Intended for healthcare professionals


Cut particulate air pollution, save lives

BMJ 2021; 375 doi: (Published 20 October 2021) Cite this as: BMJ 2021;375:n2561

Linked Research

Changes in exposure to ambient fine particulate matter after relocating and long term survival in Canada

  1. Gavin Pereira, professor
  1. Curtin School of Population Health, Curtin University, Perth, WA 6102, Australia
  2. Centre for Fertility and Health (CeFH), Norwegian Institute of Public Health, Oslo, Norway
  1. gavin.f.pereira{at}

We now know enough to act decisively

At a population level, reducing ambient fine particulate matter air pollution improves mean survival. This is a bold statement as it implies a causal effect for an exposure that is ubiquitous, involuntary, and cannot be randomly allocated to study participants. Nonetheless, the linked study by Chen and colleagues (doi:10.1136/bmj.n2368) adds to a now compelling body of evidence, and could serve as the coup de grâce that ends criticism of this statement.1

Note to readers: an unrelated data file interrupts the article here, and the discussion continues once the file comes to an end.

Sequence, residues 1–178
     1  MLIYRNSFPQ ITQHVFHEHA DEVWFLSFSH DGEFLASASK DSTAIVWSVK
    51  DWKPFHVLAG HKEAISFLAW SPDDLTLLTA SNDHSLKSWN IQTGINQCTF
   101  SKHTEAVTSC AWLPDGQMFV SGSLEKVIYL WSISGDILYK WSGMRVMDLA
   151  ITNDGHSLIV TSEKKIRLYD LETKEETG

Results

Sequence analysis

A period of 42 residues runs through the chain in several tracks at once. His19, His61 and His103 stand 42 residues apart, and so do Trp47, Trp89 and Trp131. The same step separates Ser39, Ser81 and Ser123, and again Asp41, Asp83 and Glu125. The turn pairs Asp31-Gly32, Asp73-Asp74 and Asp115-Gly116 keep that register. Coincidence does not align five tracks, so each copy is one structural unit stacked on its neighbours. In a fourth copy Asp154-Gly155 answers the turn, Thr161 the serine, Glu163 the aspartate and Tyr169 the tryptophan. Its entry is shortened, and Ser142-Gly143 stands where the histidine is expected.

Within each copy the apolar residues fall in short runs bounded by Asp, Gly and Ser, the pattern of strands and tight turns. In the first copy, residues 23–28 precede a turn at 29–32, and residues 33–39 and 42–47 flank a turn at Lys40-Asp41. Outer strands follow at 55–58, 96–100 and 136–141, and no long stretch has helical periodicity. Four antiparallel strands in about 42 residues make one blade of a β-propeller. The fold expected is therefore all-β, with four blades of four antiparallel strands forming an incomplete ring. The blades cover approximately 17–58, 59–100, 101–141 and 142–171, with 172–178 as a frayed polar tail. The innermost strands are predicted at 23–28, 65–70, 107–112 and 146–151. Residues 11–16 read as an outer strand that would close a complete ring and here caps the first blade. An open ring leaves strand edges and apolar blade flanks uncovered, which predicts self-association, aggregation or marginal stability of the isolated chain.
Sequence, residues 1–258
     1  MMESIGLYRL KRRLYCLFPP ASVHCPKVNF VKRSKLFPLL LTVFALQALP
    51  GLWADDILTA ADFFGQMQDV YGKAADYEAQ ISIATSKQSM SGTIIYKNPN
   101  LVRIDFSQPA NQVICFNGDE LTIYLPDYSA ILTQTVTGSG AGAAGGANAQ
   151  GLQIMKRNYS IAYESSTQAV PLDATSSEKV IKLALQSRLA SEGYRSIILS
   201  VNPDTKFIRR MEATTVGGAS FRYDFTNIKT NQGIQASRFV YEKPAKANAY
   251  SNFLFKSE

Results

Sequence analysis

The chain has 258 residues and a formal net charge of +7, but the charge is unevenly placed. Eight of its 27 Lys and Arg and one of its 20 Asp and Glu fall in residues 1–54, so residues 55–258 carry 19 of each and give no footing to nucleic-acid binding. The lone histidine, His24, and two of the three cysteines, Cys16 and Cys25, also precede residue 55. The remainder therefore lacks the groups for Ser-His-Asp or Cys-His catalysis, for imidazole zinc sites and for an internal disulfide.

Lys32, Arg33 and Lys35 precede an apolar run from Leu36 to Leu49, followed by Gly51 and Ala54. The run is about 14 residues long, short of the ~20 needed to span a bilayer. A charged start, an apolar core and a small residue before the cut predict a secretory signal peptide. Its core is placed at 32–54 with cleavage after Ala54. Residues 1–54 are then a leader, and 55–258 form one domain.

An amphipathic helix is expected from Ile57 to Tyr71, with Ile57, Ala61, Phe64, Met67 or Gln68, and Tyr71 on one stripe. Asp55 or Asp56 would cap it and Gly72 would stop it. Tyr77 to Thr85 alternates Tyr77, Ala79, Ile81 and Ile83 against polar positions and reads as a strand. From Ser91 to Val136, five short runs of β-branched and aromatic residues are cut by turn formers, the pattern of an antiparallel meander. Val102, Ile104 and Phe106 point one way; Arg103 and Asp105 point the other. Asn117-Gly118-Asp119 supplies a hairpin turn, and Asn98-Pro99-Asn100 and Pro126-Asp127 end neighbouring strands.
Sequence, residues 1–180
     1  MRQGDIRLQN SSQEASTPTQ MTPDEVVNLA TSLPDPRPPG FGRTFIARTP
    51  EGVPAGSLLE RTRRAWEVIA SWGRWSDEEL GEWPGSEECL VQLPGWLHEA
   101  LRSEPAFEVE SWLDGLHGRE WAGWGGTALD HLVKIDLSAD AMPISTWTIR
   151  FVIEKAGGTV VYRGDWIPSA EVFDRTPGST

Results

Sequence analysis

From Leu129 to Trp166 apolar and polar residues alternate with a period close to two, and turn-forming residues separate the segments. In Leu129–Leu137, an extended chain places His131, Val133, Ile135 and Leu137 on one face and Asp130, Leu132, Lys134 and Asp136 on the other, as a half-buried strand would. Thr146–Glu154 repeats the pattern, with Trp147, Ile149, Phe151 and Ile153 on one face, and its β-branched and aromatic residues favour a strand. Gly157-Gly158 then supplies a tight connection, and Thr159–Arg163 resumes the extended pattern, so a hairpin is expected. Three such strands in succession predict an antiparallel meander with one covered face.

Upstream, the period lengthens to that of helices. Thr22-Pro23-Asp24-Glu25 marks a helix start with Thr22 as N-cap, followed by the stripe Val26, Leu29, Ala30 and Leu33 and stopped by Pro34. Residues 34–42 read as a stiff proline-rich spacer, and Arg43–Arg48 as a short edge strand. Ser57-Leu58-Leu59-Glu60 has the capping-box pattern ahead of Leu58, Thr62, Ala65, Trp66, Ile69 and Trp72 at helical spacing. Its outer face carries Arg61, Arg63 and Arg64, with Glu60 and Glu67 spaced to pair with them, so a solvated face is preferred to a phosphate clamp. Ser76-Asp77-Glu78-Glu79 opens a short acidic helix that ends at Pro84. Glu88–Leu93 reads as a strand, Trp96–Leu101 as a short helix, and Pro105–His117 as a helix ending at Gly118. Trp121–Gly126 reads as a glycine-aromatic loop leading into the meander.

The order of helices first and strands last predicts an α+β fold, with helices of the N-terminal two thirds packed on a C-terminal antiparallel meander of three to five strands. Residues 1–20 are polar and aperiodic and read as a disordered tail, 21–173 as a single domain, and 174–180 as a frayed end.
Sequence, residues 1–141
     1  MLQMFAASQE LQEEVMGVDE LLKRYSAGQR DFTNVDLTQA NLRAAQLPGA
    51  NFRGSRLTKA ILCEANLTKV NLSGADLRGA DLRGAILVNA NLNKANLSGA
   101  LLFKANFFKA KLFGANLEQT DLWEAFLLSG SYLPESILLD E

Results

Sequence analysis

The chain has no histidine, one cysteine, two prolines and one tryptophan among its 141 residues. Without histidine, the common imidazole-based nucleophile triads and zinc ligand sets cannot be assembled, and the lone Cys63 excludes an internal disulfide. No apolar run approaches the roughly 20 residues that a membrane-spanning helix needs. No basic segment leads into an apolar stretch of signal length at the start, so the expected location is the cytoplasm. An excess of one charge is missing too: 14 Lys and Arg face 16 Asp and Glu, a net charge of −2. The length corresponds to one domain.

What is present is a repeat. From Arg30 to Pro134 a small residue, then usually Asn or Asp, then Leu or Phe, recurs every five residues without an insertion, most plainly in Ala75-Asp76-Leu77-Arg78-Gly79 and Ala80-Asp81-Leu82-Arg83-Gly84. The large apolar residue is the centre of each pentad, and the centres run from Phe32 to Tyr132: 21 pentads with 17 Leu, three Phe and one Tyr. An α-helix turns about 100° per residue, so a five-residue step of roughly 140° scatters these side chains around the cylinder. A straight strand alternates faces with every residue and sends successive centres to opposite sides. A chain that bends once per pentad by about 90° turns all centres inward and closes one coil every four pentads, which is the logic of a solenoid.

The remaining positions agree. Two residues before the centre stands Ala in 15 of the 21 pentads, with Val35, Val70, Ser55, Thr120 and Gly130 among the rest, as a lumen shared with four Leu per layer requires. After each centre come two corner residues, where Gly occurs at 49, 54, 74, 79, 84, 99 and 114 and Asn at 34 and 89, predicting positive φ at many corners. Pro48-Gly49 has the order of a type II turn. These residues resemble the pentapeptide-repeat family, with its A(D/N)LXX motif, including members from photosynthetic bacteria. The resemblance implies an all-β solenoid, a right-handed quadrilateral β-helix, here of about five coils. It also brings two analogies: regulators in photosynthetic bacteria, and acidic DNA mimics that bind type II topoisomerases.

Fine particulate matter (PM2.5) consists of airborne solid and liquid particles of less than 2.5 µm diameter that arise from both natural and anthropogenic sources.2 The small size of PM2.5—a fraction of the width of a human hair and much smaller than mould and pollen—enables it to deposit deep within the lungs.3 From there, PM2.5 can promote the release of proinflammatory mediators or vasculoactive molecules from lung cells, disrupt the autonomic nervous system’s regulation of the heart, and potentially translocate directly into the systemic circulation.4

More than two decades of observational evidence suggests that raised …

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